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Animals
Female Bornean orangutan with offspring. Photo courtesy of Dr. Marc Ancrenaz

Ravaged by Deforestation, Borneo Loses Nearly 150,000 Orangutans in 16 Years

By Basten Gokkon

The world lost nearly 150,000 orangutans from the island of Borneo in the past 16 years due to habitat loss and killing, and is on track to lose another 45,000 by 2050, according to a new paper in the journal Current Biology.

The study, published Feb. 15, observed 36,555 orangutan nests across Borneo, an island that is shared between Indonesia, Malaysia and Brunei, between 1999 and 2015. During that period, the researchers reported a steep decline in the number of nests they encountered over a given distance: the encounter rate more than halved from 22.5 nests per kilometer (about 36 per mile) to 10.1 nests per kilometer. That decline, they calculate, represents an estimated loss of 148,500 individual Bornean orangutans (Pongo pygmaeus).

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Animals
The güiña gets its name from the Mapuche word "wiña," meaning "thief." eMinte / Flickr

Can the Smallest Wild Cat in the Americas Survive?

By Niki Rust

The smallest wild cat species in the Americas faces big problems as its habitat dwindles and it's targeted as a farm pest. But a new study shows it may be able to persist in a human-dominated world—if farmers and policymakers give it a hand.

The güiña (Leopardus guigna), also known as kodkod, weighs 2 to 2.5 kilograms (4.4 to 5.5 pounds), eats birds and rodents, and is only found in the temperate rainforests of Chile and western Argentina. It's listed as "vulnerable" by the International Union for the Conservation of Nature (IUCN), with habitat loss and illegal killing considered the major causes of its decline.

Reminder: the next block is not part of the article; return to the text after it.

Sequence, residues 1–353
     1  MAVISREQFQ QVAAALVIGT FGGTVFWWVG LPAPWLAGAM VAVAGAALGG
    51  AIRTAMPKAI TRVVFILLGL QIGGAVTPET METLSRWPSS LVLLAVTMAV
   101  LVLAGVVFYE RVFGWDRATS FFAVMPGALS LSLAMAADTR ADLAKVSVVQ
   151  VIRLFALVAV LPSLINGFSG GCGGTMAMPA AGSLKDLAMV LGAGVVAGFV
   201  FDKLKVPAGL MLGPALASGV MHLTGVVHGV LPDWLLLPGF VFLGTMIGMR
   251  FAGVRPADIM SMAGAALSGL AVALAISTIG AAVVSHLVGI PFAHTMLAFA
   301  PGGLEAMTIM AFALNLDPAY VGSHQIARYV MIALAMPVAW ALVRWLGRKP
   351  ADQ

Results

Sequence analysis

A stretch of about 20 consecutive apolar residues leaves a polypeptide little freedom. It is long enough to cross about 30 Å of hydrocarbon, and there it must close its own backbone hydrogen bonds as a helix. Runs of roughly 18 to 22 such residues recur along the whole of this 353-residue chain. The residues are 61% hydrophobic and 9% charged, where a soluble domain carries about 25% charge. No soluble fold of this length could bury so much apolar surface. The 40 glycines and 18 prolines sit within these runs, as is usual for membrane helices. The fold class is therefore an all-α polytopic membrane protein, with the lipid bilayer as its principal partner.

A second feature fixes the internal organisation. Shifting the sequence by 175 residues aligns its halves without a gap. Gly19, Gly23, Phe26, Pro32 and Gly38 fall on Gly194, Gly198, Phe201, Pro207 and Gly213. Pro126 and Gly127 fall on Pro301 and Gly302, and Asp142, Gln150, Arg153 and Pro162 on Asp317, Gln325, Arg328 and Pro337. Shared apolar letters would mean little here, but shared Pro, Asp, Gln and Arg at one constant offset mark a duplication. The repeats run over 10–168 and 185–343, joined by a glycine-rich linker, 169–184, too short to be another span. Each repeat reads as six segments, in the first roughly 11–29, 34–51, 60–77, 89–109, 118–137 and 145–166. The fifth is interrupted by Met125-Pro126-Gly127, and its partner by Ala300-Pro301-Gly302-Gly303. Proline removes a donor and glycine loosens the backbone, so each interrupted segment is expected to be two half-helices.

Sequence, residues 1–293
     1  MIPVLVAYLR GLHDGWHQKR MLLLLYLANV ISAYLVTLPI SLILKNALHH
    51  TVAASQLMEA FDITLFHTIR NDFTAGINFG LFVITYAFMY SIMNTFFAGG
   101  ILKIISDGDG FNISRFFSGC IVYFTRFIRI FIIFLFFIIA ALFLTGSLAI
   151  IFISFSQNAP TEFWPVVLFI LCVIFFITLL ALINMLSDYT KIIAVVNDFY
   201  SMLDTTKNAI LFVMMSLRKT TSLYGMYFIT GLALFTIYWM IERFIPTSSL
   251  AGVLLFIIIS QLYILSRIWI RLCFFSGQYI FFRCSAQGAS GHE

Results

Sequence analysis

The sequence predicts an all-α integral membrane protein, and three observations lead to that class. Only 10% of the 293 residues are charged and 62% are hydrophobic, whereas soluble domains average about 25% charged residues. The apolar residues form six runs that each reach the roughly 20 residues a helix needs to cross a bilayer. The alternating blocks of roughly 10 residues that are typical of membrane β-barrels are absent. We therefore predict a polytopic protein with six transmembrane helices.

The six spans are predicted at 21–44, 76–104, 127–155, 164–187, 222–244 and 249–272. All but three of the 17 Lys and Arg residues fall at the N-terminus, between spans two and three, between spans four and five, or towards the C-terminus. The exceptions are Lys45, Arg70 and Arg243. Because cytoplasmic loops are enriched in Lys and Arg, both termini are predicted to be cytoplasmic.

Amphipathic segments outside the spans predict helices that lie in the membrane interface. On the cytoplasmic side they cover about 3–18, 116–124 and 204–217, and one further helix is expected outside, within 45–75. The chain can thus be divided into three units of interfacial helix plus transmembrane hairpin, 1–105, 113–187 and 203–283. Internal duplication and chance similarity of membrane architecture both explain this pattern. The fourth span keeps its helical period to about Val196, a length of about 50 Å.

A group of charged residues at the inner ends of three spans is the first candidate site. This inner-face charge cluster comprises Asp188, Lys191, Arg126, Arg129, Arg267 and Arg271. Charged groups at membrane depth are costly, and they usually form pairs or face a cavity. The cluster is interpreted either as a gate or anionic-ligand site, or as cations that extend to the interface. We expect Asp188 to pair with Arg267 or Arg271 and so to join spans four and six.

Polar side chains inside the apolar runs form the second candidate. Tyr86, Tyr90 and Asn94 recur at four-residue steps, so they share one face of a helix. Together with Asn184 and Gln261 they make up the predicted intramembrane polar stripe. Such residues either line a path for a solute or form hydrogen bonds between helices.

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Climate
A team from Greenpeace Africa has been studying tropical peatland near Lokolama. Kevin McElvaney / Greenpeace

Climate Change and Deforestation Threaten World’s Largest Tropical Peatland

By Daisy Dunne

Just over a year ago, scientists announced the discovery of the world's largest intact tropical peatland in a remote part of the Congo's vast swampy basin.

The Cuvette Centrale peatlands stretch across an area of central Africa that is larger than the size of England and stores as much as 30 billion tonnes of carbon.

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Climate
Leszek Leszczynski / Flickr

Would a Beef Tax Reduce Greenhouse Gas Emissions?

By Michael von Massow and John Cranfield

Will taxing meat products based on their carbon footprint reduce greenhouse gas (GHG) emissions and improve public health? The answer is maybe, but not notably—and it will come with significant costs.

A recent study in the journal Nature Climate Change advocates applying taxes to the consumption of meat as a means of lowering GHG emissions.

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Climate